Love is a pretty awesome feeling, let’s admit it: not only to be loved, but to really love. I’m not talking in the romance sense, either. Just straight lovin’: friends, family, places, things, food, you name it.
I met my first German friend here at Oktoberfest. True story. Who knew you could walk out of one of the biggest drunk fests in the world with a new best friend, but it happened. Simon and I got along spectacularly at the Wiesn (did you know that’s what Germans actually call Oktoberfest?) and decided to keep in touch. The first time we spoke after our day at the beer tent was over the phone on my train ride home. I remember the two of us laughing at ourselves because the communication barrier was steel reinforced. Didn’t we understand each other yesterday? Oh, liquid language courage, you trickster! So, during the initial stages of our friendship we had our fair share of communication challenges. We understood each other, sure, but it became a personal challenge to completely express ourselves in more elementary terms. Then, one day Simon said something that really hit me:
“You’ll never really know me because I cannot be myself in English.”
It’s true. Despite considering him a best friend, I did not know him like I knew my friends at home in the USA. How can you truly know someone when they cannot express themselves the way they would in their mother tongue? Sure, maybe they can learn yours, but what about the sort of love that can’t reciprocate? You know, the loves that cannot learn your language? You don’t have to want to marry it (like that woman did the Eiffel Tower) – just that love you feel when you care, crave to know more, and want dig deeper.
I love Germany. It can’t love me back, I get that. But in order to truly love Germany, to truly know this lush green land of pretzels and punctuality, I have to speak its language. Translations are no substitute; words and phrases exist with no translation. In German, the word “doch” comes to mind. This simple word is wildly common in Deutsch, yet there are no words like it in the English language. I can’t even explain it to you now.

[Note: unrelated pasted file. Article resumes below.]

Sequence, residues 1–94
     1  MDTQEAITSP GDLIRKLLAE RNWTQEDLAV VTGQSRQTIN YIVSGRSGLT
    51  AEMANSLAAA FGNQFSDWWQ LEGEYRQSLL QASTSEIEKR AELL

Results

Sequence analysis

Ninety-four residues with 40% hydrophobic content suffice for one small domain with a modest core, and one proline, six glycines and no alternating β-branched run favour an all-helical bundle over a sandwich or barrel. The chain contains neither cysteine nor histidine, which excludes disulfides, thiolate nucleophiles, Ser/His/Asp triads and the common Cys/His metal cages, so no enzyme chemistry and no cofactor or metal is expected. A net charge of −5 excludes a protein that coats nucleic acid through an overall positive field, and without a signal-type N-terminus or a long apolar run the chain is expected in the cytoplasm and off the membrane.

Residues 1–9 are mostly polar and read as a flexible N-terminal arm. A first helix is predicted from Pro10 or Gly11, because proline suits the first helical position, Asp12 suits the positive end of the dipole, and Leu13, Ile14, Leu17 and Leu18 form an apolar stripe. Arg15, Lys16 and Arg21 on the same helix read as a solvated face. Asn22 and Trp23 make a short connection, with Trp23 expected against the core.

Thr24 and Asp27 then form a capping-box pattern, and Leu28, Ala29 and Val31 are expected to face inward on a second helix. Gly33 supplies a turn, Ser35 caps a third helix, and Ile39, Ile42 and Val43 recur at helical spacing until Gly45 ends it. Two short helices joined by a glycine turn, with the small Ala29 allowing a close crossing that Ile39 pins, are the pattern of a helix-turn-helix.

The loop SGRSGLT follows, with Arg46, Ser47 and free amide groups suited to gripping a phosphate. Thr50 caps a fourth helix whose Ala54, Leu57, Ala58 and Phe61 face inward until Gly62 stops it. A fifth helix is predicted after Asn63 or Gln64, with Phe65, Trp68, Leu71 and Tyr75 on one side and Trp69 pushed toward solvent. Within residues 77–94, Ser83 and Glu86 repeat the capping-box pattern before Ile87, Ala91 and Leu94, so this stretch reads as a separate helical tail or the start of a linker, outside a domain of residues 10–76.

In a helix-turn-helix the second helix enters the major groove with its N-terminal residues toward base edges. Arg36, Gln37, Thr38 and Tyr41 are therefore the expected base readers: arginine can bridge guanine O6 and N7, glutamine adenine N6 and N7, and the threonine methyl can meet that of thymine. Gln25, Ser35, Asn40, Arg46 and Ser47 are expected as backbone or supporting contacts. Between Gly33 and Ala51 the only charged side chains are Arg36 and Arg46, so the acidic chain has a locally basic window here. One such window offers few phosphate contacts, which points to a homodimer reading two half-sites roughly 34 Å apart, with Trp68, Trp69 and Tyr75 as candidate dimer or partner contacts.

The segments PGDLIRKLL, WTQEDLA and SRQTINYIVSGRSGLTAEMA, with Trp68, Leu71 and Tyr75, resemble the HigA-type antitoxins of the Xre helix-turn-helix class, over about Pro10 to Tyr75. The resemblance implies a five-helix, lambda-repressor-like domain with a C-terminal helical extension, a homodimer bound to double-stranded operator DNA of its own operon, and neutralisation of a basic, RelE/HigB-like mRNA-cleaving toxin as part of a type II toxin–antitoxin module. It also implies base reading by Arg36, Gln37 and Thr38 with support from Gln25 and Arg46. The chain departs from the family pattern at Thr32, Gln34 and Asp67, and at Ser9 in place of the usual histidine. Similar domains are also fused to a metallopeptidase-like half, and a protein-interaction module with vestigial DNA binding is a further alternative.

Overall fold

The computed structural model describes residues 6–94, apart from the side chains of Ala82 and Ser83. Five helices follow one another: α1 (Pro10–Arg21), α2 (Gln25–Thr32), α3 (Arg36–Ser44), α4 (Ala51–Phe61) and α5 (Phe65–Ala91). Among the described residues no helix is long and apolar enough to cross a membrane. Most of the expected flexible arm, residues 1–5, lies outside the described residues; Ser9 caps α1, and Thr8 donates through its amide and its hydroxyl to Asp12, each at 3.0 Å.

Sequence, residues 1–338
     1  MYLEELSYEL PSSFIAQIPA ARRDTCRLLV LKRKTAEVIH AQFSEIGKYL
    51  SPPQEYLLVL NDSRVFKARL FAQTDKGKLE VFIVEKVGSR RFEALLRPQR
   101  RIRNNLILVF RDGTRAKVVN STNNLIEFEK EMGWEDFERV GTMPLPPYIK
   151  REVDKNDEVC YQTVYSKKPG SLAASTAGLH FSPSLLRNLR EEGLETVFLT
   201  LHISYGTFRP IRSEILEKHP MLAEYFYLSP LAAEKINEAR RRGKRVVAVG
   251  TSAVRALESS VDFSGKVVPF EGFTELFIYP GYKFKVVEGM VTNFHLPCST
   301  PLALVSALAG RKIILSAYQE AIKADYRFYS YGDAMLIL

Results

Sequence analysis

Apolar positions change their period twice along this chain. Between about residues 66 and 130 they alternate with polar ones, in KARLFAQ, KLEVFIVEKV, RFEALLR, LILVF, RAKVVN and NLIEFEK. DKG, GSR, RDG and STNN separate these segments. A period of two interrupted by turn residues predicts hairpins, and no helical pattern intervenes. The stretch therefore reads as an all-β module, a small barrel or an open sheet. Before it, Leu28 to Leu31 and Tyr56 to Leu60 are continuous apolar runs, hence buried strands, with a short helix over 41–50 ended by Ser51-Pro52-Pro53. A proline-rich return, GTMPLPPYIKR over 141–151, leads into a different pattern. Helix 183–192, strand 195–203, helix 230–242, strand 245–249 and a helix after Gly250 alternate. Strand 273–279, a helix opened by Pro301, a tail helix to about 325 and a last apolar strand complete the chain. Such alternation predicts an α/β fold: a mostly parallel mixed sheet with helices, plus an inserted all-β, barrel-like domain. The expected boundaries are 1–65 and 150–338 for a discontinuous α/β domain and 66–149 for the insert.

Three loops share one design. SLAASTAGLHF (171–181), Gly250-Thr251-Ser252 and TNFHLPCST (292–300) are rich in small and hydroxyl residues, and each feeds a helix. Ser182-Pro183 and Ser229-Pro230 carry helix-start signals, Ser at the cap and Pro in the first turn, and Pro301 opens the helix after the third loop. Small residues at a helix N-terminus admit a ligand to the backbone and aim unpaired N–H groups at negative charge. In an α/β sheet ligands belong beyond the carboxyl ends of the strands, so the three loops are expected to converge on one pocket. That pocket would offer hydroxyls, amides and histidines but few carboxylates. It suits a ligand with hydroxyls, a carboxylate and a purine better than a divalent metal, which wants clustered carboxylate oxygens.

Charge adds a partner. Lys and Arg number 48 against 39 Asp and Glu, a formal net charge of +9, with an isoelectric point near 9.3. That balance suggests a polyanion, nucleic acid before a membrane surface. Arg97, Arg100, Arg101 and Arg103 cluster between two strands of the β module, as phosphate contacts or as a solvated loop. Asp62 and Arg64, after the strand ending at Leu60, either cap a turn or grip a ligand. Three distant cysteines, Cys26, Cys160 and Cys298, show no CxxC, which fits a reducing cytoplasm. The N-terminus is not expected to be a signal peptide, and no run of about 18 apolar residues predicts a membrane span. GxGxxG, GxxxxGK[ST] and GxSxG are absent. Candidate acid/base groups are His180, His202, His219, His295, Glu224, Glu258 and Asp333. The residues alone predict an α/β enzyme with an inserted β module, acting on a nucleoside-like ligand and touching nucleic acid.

How can you understand a country if you cannot understand the people that make it what it is?
One year later, I can effectively say the language barrier between Simon, my other German friends, and myself is gone. I still cannot be myself in German, but my German friends can be themselves in English and it’s A-W-E-Awesome. When one person does not know the word, the other does and seeing others and your own improvement is a rad feeling. In fact, I don’t think I’ve ever been so proud of myself as when I realized I actually understand so much and when I put pride aside, I can even speak it! So here, language learning has provided me with another important love: love for thyself.
To sum it up: If you want to know someone or somewhere, and I mean really know, learn the language. Without really knowing, you cannot really love. When learning a language, you can fall in love with more, and who doesn’t like that lovin’ feeling?
My advice: Don’t wait six months to start learning, start today. Start before you get there. I took Spanish for seven years in school and made straight As but could not speak it. I’ve been in Germany for one year and am worlds ahead. Give it a try. You might surprise yourself, be proud of yourself, or even love yourself more, too.
Lastly, I find it kind of cool that I wrote this on the train to Munich to visit Simon for Oktoberfest. I’ve really come full circle in this country, yet my true experience here is just beginning.